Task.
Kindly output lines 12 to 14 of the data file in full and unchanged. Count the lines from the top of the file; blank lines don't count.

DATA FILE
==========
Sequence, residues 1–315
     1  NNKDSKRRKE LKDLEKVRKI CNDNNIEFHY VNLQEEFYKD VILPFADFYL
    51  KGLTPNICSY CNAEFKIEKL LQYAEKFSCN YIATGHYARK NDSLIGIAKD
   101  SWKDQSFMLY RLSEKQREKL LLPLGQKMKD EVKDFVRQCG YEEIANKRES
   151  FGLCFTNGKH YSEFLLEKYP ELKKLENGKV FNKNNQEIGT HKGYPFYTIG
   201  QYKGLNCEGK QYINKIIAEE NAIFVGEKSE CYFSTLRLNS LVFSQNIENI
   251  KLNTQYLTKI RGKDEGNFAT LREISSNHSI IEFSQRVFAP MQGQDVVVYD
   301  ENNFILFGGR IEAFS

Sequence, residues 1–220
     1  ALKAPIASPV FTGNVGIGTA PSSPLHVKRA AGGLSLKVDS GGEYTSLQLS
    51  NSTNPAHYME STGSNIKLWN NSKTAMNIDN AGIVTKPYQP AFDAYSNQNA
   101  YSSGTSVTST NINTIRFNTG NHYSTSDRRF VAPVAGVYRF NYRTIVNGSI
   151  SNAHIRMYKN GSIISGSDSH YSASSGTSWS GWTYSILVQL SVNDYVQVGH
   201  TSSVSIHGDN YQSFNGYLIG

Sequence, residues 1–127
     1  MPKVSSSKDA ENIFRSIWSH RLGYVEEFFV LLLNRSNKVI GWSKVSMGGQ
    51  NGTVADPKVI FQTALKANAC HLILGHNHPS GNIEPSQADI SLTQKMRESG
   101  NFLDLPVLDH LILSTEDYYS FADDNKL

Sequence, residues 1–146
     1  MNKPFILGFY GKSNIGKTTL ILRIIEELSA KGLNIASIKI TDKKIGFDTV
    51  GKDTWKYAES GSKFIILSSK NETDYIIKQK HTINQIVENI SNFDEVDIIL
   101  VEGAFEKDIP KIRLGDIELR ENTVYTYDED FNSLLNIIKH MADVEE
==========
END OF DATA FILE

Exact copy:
   101  YSSGTSVTST NINTIRFNTG NHYSTSDRRF VAPVAGVYRF NYRTIVNGSI
   151  SNAHIRMYKN GSIISGSDSH YSASSGTSWS GWTYSILVQL SVNDYVQVGH
   201  TSSVSIHGDN YQSFNGYLIG